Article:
Success of merger and acquisitions depends largely on the reaction of customers and the respective employees. All customers should be kept informed about how the changes will affect them, especially concerning the continuance of the product and services on which they have come to rely.

Commercial managers need to consider;
* In the new organisation which will be the dominant constituent, for personnel, culture and procedure?
* How are duplicated organisations to be integrated and rationalised? Is there an action plan?
* How should the respective product ranges be merged? – If products are scrapped or rationalised, their existing customers may go elsewhere, diminishing the projected increased customer base and market share.
* If the acquisition supplies a different market which may or may not be related, how is the commercial aspect to be managed? – Will it remain independent but reporting to the Commercial manager, or can part of the support organisation be merged and rationalised to achieve improved profitability and efficiency?
* If the acquired product range is in a wholly different market, then it needs to be evaluated in relation to the demand from its customer base and the market in general in terms of its profitability, its contribution to its profit centre, and the opportunities for profit and market development.
* If the acquired product range exists within the same market, it should be evaluated on its strengths and weaknesses when viewed as competitive products. – How do the acquired products compare with the existing range? Are these products direct competitors, – is so, which if any of them are any of them superior to the existing products, and could be incorporated into the product line? Are any of the acquired products complimentary to the existing products and could therefore be used to expand the existing product range?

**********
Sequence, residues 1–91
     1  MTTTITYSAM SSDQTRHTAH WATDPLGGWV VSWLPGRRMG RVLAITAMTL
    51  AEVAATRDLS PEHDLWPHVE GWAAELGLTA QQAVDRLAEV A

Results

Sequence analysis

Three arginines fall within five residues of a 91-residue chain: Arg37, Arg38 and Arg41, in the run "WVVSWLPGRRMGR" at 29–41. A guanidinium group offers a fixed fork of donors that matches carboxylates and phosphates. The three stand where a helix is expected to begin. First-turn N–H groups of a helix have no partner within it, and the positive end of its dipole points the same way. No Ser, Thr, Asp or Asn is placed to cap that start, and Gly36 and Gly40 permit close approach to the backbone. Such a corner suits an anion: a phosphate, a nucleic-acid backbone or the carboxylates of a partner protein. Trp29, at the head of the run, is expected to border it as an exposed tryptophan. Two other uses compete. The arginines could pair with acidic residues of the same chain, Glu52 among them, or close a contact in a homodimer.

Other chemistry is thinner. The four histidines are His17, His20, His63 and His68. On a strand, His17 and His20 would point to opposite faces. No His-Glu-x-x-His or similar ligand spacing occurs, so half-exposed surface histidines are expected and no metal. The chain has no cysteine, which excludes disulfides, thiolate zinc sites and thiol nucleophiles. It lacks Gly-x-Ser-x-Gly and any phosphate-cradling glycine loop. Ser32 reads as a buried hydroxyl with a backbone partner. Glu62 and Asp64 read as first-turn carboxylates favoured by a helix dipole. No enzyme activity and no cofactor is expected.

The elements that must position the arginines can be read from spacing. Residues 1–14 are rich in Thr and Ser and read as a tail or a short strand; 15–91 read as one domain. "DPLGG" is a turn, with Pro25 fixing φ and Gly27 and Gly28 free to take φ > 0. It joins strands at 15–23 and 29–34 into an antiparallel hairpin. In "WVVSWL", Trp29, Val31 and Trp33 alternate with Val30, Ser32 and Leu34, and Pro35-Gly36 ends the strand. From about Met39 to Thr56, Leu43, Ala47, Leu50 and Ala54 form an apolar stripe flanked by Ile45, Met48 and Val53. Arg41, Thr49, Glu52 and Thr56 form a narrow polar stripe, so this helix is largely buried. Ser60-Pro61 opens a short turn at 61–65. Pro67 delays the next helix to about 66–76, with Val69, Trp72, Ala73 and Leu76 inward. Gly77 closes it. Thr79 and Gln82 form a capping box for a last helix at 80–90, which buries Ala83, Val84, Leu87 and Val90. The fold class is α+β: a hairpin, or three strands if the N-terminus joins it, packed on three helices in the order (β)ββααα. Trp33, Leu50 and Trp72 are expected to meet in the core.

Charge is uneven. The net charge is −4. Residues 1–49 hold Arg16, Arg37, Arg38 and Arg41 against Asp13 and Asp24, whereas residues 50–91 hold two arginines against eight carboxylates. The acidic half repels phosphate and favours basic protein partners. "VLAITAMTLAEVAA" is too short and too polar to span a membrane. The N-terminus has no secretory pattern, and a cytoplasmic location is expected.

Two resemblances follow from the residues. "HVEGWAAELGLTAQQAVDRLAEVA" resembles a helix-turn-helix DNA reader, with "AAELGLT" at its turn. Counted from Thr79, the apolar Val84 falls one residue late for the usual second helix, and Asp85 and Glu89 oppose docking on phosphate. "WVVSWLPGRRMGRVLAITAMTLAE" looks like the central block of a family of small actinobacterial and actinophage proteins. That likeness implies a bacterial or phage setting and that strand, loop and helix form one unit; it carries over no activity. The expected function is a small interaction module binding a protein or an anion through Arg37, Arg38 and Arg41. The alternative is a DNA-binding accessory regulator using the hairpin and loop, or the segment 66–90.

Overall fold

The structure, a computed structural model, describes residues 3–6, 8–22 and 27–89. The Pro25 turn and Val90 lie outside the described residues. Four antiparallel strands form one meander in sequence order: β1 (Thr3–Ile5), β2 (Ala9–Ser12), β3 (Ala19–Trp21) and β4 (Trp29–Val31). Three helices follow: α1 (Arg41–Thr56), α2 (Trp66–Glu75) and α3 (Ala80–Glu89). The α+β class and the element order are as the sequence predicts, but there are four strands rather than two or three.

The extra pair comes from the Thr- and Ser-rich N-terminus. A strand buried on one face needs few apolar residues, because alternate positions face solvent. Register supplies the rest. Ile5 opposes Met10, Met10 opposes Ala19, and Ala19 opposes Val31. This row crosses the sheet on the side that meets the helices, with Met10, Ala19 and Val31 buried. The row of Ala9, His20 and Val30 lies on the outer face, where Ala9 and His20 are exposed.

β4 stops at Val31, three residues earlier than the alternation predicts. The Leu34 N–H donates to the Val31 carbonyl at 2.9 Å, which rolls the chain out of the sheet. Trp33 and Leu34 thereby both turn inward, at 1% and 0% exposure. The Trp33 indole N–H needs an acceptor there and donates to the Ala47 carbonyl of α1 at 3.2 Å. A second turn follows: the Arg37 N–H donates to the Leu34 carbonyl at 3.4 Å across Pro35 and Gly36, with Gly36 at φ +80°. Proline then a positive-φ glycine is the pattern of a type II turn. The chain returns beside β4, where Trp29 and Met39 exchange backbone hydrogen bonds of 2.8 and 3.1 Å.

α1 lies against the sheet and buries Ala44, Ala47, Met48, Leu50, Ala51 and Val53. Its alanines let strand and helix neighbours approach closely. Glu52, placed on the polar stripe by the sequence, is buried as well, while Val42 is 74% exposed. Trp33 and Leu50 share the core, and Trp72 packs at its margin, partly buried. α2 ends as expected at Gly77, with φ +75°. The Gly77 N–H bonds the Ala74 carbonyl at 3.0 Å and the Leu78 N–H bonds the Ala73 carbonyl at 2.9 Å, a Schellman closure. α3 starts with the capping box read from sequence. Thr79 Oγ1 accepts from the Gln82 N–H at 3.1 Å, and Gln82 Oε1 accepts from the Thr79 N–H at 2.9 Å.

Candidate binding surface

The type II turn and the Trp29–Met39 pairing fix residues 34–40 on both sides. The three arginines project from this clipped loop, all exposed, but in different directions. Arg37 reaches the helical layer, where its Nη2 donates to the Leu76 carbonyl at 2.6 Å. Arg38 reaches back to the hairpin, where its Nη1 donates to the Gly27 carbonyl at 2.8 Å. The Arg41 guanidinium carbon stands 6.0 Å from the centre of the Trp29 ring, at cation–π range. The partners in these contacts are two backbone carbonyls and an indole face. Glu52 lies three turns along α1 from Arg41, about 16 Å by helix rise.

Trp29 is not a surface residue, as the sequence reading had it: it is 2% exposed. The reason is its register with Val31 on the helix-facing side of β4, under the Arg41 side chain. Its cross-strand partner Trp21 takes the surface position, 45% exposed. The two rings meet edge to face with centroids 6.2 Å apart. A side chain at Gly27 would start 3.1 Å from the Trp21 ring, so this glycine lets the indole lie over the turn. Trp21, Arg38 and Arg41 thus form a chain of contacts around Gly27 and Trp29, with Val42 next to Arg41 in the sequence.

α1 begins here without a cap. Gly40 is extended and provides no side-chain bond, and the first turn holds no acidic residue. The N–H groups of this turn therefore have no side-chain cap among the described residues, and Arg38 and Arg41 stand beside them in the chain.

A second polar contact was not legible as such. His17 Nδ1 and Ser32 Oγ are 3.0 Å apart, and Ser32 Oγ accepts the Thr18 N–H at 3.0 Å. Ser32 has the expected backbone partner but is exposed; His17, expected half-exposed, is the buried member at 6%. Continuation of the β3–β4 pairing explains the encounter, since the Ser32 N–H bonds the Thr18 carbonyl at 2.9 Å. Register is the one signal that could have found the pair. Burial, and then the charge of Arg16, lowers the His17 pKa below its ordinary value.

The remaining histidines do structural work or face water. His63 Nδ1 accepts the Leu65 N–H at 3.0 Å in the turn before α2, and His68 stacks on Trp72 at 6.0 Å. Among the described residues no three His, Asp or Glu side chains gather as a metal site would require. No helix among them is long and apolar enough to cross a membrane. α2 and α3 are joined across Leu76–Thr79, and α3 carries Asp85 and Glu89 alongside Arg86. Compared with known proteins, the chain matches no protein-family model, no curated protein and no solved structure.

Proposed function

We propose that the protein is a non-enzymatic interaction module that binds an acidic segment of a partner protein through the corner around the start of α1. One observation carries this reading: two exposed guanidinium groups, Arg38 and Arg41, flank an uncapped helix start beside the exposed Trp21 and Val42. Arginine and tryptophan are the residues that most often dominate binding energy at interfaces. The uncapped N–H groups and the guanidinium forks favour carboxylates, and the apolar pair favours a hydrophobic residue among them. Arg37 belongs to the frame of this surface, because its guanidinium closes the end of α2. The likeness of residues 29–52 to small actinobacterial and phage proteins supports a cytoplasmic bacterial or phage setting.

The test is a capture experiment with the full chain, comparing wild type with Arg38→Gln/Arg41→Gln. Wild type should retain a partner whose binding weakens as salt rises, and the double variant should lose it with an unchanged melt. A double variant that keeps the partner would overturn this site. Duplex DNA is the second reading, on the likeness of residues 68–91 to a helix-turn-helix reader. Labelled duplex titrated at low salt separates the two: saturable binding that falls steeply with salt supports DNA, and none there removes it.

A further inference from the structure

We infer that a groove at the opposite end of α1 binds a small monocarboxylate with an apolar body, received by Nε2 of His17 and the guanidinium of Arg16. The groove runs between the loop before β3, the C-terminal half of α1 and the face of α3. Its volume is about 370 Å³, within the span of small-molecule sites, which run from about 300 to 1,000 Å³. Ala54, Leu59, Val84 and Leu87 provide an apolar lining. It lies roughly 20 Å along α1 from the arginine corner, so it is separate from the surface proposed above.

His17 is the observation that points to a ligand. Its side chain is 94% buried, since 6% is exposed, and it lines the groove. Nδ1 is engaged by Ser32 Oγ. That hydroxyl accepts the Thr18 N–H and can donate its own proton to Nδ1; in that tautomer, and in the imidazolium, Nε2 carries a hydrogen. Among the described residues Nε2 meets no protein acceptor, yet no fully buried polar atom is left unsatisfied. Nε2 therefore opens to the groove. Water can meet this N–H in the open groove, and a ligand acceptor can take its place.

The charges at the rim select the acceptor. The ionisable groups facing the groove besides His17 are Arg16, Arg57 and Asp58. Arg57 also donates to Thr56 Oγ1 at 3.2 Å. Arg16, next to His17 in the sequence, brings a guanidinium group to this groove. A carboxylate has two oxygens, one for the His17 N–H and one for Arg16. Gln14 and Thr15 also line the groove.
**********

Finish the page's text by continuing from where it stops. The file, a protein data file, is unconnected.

* Different organisations have different business cultures and practices, which takes time to change. Sudden and significant change may demoralise staff, and cause resentment leading to distraction and confusion. Maintaining employee’s morale and commitment is essential to minimise the impact of the reorganisation on both the employees and the customers while maintaining the level of customer service.
* Maintaining the morale and commitment of employees by regular and effective communication helps prevent damaging and destabilising rumours. Customers should also keep aware of changes, to retain their confidence.

The success of a merger or acquisition depends of the clarity of the objectives, in terms of intended synergies and financial results, a clear plan for its execution, and the people from both organisations who implement the process. Thus the effective motivation and management of all staff from both constituent organisations, especially those involved in getting and maintaining business and income, is essential if the merger is to succeed and profitable income maintained and increased.
© N.C.Watkis, Contract Marketing Service 29 Nov 13

December 5, 2013  Tags:   Posted in: business development, business efficiency, Business Marketing, business performance improvement, business performance indicators, business performance management, business performance measurement, marketing development, marketing management, marketing metrics, marketing performance measurement, marketing ROI, performance management, performance measurement indicators, Uncategorized